Redevelopment breeding divisions among Mumbai residents

Mumbai is renowned as a melting pot of various groups, irrespective of class, caste and creed. But a new, disturbing form of disparity is now eating its way into citizens’ lives, especially in redeveloped buildings and townships. Several of these housing societies are imposing invisible divisions based on the size of the house owned and the length of the resident’s occupancy.

In the townships, owners of bigger flats are looking down upon those possessing smaller ones; in redeveloping buildings, older residents sneer at the flashy ways of their new neighbours. And the newer occupants always find it difficult to acclimatise to the conservative ways of the old lot. Miten Shah, resident of Bandra, previously stayed at Vashi, Navi Mumbai, where he found it difficult to adapt to the constant jibes passed by his neighbours.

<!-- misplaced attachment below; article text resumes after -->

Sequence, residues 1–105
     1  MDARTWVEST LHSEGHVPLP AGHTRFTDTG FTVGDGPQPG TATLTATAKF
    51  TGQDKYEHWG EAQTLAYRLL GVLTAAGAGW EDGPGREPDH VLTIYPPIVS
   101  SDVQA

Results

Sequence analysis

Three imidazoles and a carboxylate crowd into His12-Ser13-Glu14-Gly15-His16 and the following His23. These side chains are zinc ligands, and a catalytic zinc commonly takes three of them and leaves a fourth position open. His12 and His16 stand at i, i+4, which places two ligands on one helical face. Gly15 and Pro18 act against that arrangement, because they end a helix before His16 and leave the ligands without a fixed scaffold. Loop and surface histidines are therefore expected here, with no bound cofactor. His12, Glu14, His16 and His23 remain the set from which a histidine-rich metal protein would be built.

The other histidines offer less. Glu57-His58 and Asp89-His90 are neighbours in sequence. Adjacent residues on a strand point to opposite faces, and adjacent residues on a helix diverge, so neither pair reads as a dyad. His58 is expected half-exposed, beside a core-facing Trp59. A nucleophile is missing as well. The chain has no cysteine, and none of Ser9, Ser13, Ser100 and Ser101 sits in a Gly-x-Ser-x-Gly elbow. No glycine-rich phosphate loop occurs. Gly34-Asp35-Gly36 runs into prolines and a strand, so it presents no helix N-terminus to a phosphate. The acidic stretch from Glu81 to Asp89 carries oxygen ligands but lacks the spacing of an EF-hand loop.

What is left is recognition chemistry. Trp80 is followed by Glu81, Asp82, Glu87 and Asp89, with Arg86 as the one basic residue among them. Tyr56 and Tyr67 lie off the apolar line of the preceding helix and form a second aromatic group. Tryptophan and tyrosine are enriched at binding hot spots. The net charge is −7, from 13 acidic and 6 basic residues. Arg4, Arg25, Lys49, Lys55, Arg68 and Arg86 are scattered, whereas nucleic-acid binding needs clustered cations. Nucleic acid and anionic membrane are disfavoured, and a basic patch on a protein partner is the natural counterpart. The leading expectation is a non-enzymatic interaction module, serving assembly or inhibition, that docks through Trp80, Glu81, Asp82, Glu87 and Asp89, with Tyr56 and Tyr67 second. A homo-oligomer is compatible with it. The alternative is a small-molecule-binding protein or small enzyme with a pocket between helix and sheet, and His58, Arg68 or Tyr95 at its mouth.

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Self-redevelopment ‘trailblazer’ stuck

It was supposed to serve as a model for the rest of Mumbai. But the city’s first self-redevelopment project — the Ganesh Nagar ‘D’ co-operative housing society at Mahalaxmi — has been stuck for seven years now due to an alleged fraud in the transfer of development rights (TDR).